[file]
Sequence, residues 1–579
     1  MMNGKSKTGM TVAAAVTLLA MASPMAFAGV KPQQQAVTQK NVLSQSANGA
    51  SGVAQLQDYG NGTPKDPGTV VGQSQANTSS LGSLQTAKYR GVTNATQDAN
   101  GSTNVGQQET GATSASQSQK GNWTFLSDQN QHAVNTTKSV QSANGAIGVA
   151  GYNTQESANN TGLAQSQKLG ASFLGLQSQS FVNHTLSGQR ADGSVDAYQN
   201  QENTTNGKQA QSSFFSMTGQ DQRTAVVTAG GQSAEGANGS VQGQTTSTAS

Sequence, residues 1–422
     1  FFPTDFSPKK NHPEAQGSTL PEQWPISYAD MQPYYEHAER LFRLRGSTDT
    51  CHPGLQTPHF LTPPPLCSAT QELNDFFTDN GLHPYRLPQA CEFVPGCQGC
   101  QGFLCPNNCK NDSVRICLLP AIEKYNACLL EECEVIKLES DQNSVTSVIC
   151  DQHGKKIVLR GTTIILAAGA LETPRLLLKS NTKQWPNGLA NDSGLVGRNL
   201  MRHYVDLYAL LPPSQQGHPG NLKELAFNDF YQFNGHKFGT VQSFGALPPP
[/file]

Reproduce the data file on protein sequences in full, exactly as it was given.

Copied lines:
Sequence, residues 1–579
     1  MMNGKSKTGM TVAAAVTLLA MASPMAFAGV KPQQQAVTQK NVLSQSANGA
    51  SGVAQLQDYG NGTPKDPGTV VGQSQANTSS LGSLQTAKYR GVTNATQDAN
   101  GSTNVGQQET GATSASQSQK GNWTFLSDQN QHAVNTTKSV QSANGAIGVA
   151  GYNTQESANN TGLAQSQKLG ASFLGLQSQS FVNHTLSGQR ADGSVDAYQN
   201  QENTTNGKQA QSSFFSMTGQ DQRTAVVTAG GQSAEGANGS VQGQTTSTAS

Sequence, residues 1–422
     1  FFPTDFSPKK NHPEAQGSTL PEQWPISYAD MQPYYEHAER LFRLRGSTDT
    51  CHPGLQTPHF LTPPPLCSAT QELNDFFTDN GLHPYRLPQA CEFVPGCQGC
   101  QGFLCPNNCK NDSVRICLLP AIEKYNACLL EECEVIKLES DQNSVTSVIC
   151  DQHGKKIVLR GTTIILAAGA LETPRLLLKS NTKQWPNGLA NDSGLVGRNL
   201  MRHYVDLYAL LPPSQQGHPG NLKELAFNDF YQFNGHKFGT VQSFGALPPP